The Digital Transformation Division Newsletter - August 2021

The Digital Transformation Division Newsletter - August 2021

Awards header.



People all across Dx work hard and accomplish amazing things every day. The Dx Team Recognition is a way to let someone in Dx know that their great efforts over the past week have been noticed. During the Half-Time live-stream each Wednesday at 11:45 AM, we recognize a deserving recipient. The selected person will receive a certificate to print and two movie vouchers. More importantly, they receive recognition by everyone across Dx for their great work. Nominations for the Dx Team Recognition must be received by 5:00 PM on Tuesday to be considered for the following Wednesday's Half-Time recognition. To nominate someone for the Team Recognition, navigate to the OIT - Public team in Teams, then go into the Half-Time channel, and select the Team Recognition tab from the top menu. Alternatively, you can follow this link to access the nomination form


Have you seen a UVU staff member offering exceptional service or giving an exemplary performance? Remember to nominate them for the Wolverine Sighting Employee Recognition Award! The Wolverine Sighting Award is an employee recognition award sponsored by PACE. Nominees must be full- or part-time UVU staff employees, but there is no minimum requirement for years of employment and nominations are accepted year-round.


The Presidential Awards of Excellence highlight faculty and staff for their efforts in key areas related to UVU's mission, values, and action commitments. Each award is designed to recognize UVU employees who advance the mission, values, and action commitments of the university. There are four award categories:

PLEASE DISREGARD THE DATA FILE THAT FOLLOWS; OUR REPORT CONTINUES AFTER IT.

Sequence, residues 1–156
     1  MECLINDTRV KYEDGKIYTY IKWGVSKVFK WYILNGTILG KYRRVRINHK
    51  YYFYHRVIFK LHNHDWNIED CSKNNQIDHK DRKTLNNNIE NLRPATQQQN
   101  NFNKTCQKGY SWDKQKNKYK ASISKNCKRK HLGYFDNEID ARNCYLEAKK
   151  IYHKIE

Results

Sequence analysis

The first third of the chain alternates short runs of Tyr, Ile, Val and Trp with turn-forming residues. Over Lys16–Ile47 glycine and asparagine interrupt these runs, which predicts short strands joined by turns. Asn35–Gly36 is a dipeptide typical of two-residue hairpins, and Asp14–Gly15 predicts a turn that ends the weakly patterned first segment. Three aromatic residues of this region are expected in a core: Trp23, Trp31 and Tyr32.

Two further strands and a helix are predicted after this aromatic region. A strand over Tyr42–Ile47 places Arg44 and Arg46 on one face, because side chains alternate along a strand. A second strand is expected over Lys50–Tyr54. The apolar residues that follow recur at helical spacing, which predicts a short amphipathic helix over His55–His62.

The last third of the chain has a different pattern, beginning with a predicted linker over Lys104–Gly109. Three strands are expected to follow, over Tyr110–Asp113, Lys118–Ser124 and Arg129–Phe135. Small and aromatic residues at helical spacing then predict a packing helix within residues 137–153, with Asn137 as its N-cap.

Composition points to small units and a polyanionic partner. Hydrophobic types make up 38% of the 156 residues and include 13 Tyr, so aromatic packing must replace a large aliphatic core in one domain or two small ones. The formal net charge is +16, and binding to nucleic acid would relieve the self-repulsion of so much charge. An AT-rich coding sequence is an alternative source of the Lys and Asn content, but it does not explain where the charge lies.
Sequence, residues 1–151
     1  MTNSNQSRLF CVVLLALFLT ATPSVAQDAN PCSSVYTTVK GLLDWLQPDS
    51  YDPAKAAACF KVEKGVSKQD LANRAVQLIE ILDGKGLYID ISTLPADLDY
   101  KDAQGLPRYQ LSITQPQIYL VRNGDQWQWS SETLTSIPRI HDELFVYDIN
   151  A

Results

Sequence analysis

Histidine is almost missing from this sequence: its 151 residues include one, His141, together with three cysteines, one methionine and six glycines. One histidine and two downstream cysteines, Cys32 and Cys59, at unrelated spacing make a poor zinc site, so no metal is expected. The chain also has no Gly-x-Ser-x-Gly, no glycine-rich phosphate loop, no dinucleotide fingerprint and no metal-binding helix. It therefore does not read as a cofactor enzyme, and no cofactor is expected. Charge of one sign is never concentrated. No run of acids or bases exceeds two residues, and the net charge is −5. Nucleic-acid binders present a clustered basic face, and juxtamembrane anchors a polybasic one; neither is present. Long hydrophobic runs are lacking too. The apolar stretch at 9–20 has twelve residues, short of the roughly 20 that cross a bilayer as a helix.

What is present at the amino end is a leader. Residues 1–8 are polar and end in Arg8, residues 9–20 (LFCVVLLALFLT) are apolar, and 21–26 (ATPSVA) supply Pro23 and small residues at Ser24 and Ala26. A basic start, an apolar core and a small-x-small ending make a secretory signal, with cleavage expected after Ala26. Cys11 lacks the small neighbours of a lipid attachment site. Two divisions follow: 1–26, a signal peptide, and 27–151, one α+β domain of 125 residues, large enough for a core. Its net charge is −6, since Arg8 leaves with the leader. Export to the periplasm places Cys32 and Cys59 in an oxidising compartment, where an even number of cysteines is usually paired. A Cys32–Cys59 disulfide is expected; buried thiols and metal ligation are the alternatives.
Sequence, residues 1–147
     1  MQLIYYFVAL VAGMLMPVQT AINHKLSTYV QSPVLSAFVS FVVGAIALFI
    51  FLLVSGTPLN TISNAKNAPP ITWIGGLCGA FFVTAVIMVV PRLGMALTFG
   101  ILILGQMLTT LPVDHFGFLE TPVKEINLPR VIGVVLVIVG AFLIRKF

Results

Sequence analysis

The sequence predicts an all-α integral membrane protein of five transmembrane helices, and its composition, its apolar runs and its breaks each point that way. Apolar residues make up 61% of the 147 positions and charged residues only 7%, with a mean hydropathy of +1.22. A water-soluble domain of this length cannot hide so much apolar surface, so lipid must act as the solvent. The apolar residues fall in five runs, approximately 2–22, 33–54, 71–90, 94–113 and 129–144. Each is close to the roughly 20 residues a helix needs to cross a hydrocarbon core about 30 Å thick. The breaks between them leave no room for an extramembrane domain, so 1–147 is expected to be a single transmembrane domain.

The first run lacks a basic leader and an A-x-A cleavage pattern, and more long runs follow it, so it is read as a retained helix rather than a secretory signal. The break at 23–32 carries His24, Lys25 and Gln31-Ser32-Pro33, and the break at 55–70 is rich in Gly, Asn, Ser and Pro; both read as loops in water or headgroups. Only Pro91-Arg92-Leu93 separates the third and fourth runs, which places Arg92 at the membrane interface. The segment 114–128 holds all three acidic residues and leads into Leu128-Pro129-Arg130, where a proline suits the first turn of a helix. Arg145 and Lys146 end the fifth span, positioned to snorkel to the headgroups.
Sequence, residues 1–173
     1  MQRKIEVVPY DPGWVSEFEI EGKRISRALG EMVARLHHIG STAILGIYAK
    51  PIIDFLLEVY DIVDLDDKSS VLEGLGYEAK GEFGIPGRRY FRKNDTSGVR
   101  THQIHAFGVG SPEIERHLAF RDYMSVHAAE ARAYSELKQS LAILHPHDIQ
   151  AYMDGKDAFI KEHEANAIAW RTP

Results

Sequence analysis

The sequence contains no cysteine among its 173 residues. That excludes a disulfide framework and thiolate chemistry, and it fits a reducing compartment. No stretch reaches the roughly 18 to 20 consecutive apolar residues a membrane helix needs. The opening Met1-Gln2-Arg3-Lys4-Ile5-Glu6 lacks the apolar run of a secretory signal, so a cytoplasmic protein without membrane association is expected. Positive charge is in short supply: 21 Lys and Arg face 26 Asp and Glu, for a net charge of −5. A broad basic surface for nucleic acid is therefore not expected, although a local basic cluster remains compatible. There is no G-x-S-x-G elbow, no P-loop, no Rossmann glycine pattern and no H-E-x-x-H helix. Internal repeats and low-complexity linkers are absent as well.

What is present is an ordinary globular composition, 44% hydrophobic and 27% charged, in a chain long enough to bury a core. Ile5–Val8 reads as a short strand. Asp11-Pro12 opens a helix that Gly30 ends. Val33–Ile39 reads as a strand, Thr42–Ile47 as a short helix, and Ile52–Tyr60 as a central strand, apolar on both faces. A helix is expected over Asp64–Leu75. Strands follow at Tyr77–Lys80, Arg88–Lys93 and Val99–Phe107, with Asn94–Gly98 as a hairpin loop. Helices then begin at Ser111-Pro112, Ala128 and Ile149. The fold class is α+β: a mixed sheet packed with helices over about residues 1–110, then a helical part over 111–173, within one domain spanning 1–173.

• Presidential Exceptional Care Award
  • Presidential Exceptional Accountability Award 
  • Presidential Exceptional Results Award
  • Presidential Excellence in Mission Award
To submit a nomination, follow this link.


The UVU Goodwill Association sends get-well wishes to UVU employees with the primary goal of enhancing employee relations by maintaining a caring atmosphere at Utah Valley University. Membership dues are used for the following:
  • Sending get-well floral baskets for hospital stays greater than 3 days (typically for life-threatening illnesses). 
  • Sending bereavement floral baskets to employees who have lost a mother, father, child, in-law, or spouse. 

Do you know any employees needing goodwill? Please refer them by following this link. For more information about joining UVU's Goodwill Association, check out their page.

Calendar header

August 1 Deadlines

Students in a lecture.
There are several important deadlines on August 1 that students, faculty, and staff should be aware of. 
  • Financial Aid Deadline 
  • Residency Application Deadline
  • Admissions Application Deadline
Check for other important deadlines as we begin the next semester.
Image Credit


Staff Fall Forum

candy eggs

On Wednesday, August 4, at the UCCU Ballpark, the UVU’s PACE Staff Association will present the Staff Fall Forum to kick off the upcoming academic year!

Lunch will be served at 11:00 AM, and the program will start at 11:30 AM. To get your free ticket, register through this link:  

Image credit


Summer Semester Ends

Image description
Friday, August 13 is both the last day of classes and the last day of the summer semester. If you know any students, be sure to wish them luck on their final exams!
Image credit

Articles header


Brett McKeachnie, Sr. Director of Product Portfolio Management

My newsletter articles in June and July focused on asynchronous communication or "async," what it means, and how to improve its effectiveness. In this month's article, I want to focus on reaping the benefits of async when we aren't collaborating synchronously. After all, the goal of async is to make time available to focus and get stuff done. Some people call these non-communication times "deep work," but I fear many of us treat them more like free time, allowing our productivity to lapse.